Critics of the military condemn the ‘pro-military’ legislation

In its last 30 days in office, Pakistan’s departing administration pushed through a slew of new laws. Fears of bad precedents being formed in the South Asian nation have been voiced by several lawmakers who say that some bills were passed without enough discussion and were frequently not even sent to parliamentary committees.

Laws that have stirred much debate

At least four bills that were ultimately signed into law were singled out for particular criticism.

Disclosure of classified material might result in a jail sentence of up to five years under the Pakistan Army (Amendment) Act.

The Intelligence Community will have broad new authority under the Official Secrets Amendment Bill.

The E-Safety Bill and the Personal Data Protection Bill make it harder for media outlets to access tax and other comprehensive information about people, particularly government officials and politicians.

The National Assembly, Pakistan’s lower house of parliament, quickly and easily passed all of these bills.

For instance, the Senate has shown strong opposition to the Official Secrets Amendment Bill despite its passage in the lower chamber.

After being sent to a Senate committee to address the concerns of several senators and other stakeholders, the bill finally passed on Sunday.

Most significantly, a provision that would have allowed intelligence services to make warrantless arrests or conduct warrantless searches was removed.

The Human Rights Commission of Pakistan (HRCP), an independent organization, has called the bill “a blatant attack on the fundamental rights of the people.”

Bulldozing through legislative procedure

Some MPs continue to believe the Bills were approved in an undemocratic form, even after the revisions.

For instance, lawmaker Mohsin Dawar does not support applying Pakistan’s Army Act to civilians.

Prosecutors in Pakistan’s military tribunals have begun hearing cases involving suspects in fatal protests and assaults on military facilities after the May 9 detention of former Prime Minister Imran Khan.

Dawar told DW, “We are opposed to the very essence of the Army Act that empowers the army to trial civilians,” adding that this law violates constitutional rules for a fair trial.

“Under the Army Act, the appellate authority is the army chief, and until he rejects an appeal of a convict, the affected person cannot approach a high court,” Dawar said.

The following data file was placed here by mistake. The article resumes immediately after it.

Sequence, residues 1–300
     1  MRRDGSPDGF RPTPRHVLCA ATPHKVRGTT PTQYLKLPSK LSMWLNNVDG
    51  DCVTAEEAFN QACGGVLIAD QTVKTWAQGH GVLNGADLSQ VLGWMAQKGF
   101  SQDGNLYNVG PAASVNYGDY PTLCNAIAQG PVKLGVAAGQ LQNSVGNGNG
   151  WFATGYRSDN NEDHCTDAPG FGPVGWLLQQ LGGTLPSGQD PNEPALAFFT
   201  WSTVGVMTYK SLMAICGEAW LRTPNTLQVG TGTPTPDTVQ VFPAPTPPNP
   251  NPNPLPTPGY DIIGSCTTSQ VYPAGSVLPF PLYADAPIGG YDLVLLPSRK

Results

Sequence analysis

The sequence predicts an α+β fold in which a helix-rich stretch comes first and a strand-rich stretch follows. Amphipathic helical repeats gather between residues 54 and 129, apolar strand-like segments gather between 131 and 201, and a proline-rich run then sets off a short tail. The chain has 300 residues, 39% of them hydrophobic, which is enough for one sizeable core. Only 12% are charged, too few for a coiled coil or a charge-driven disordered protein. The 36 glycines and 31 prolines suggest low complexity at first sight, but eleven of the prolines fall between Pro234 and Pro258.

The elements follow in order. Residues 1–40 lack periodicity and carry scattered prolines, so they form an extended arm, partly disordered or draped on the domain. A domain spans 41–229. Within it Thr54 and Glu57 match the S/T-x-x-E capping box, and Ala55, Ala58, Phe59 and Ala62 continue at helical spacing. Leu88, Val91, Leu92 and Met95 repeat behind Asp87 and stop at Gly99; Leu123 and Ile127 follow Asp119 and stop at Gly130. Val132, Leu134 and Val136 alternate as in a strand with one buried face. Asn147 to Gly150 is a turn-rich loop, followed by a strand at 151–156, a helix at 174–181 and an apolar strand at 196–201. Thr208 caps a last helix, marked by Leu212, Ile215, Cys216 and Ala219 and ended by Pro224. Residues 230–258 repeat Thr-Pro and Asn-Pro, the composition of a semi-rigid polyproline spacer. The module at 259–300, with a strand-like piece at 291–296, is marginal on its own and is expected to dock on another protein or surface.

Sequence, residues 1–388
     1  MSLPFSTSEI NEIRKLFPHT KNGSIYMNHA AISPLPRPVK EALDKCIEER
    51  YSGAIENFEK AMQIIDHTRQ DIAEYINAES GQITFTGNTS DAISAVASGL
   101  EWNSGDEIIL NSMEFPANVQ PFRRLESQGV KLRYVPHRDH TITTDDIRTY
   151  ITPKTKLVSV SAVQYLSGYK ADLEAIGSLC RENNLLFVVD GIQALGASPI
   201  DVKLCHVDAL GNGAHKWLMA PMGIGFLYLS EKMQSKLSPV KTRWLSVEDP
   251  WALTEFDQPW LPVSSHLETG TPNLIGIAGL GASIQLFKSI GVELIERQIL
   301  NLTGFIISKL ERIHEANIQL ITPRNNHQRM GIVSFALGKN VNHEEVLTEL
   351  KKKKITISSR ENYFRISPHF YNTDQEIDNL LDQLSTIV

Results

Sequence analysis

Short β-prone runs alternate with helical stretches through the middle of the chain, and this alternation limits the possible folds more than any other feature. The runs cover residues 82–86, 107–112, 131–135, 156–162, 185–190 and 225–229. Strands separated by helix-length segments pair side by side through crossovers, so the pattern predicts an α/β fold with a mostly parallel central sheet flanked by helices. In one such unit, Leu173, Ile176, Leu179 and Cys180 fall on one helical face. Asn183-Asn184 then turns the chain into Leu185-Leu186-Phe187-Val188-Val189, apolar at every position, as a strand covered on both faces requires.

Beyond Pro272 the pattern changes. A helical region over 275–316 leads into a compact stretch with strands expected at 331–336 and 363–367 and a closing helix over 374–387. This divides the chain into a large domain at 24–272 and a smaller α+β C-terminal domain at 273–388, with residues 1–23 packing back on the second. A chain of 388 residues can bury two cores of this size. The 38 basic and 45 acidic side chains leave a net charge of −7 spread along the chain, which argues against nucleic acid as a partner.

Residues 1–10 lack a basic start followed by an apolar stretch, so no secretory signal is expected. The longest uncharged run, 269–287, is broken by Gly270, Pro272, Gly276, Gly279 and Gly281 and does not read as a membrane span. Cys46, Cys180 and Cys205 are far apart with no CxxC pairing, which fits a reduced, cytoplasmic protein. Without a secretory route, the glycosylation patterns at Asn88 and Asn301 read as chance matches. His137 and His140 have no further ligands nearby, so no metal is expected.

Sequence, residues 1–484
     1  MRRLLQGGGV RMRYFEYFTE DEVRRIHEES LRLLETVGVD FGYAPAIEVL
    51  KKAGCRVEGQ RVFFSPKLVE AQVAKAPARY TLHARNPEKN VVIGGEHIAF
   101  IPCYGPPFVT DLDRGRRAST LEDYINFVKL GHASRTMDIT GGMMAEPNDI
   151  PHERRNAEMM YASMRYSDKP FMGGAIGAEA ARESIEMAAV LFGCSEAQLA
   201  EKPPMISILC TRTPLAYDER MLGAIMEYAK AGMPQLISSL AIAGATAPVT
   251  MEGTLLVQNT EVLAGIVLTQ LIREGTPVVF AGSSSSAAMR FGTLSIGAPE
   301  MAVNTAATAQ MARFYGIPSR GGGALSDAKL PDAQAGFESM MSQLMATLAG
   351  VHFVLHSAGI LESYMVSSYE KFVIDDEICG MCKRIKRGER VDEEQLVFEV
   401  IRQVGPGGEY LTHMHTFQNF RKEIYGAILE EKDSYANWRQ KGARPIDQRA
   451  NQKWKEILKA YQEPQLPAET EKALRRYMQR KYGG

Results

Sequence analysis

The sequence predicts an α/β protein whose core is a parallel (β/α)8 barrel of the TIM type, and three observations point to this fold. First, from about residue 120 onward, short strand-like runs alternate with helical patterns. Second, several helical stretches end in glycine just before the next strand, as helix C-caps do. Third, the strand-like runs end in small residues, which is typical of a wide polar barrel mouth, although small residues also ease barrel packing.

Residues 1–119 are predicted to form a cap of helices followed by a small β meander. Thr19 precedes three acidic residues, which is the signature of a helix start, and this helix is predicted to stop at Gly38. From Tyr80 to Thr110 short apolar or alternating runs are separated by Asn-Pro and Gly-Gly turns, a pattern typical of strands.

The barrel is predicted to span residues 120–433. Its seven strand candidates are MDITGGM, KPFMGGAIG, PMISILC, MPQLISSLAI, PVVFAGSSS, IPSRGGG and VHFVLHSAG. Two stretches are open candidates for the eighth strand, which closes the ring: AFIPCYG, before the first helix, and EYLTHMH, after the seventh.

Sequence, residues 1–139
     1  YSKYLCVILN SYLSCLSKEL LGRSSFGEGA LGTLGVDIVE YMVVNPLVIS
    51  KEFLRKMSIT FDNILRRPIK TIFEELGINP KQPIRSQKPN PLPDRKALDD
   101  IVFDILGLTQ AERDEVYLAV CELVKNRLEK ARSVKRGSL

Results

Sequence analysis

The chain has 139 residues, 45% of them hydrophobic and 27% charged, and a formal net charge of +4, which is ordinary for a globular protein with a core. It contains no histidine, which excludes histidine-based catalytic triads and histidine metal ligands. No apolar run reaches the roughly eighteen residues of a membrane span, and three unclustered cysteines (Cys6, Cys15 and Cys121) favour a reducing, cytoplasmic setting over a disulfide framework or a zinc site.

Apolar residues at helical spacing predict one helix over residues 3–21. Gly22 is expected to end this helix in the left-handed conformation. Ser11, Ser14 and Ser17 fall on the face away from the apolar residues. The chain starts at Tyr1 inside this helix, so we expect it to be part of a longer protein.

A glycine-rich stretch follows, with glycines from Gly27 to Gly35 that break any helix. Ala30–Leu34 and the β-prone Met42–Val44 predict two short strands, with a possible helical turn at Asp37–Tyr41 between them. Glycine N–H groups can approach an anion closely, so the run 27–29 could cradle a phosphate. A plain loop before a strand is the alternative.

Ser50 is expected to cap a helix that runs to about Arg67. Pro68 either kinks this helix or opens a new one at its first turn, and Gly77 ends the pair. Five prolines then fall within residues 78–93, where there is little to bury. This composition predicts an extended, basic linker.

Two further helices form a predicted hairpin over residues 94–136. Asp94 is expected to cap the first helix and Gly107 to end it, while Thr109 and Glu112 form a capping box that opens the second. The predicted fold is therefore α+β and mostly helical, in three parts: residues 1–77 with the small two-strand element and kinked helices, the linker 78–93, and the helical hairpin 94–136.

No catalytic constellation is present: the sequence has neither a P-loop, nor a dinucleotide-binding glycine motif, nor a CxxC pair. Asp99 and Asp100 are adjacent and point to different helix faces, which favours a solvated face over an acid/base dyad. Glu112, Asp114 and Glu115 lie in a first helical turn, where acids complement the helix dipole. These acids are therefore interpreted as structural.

Dawar also pointed out that none of the bills were given enough time for discussion before being rushed through, which is against democratic principles.

According to former member Bushra Gohar’s interview with DW, the administration rushed through the legislation, disregarding the rules of the legislature and the values of democracy in the process.

On August 9, the current administration led by Prime Minister Shehbaz Sharif will give over authority to a caretaker government. Sharif took office after parliament last year deposed Khan in a vote of no confidence. The transitional administration will then declare when elections will be held.

Following his removal from office, Khan has been very critical of Pakistan’s strong military. As a result, some analysts believe that Sharif’s administration, which is supported by the army, may utilize new legislation to prevent Khan from returning to power.

Controlling cybercrime with strict legislation

Concerns have been raised about two separate incidents that involve cybercrime and cyber security.

Karachi-based digital rights campaigner Farieha Aziz claims the Bills’ passage was cloaked in secrecy.

Aziz told DW that their drafts should have been made public and that the whole legislative process lacked openness.

There was insufficient time for meaningful discussion on the Bills in Parliament. They did talk to other people, but we never found out what they thought of our advice, she added.

Aziz is certain that the government is going to completely regulate social media.

Aziz said that legislation was enacted to regulate social media. What is uploaded and what the government wants taken down is now entirely up to the government.

Press independence

Because they and their colleagues had previously uncovered corruption scandals after getting information from government organizations via their sources, Pakistani journalists have voiced worries about press freedom in light of the modifications to cybercrime law.

Farzana Ali, a journalist based in Peshawar, told DW that the new laws would make it extremely difficult for media representatives to obtain information or documents, such as copies, from government departments, making it impossible for journalists to back claims of corruption or malpractice.

If government agencies are prohibited from disclosing material to journalists, then the Right to material Act is meaningless, as Ali put it.

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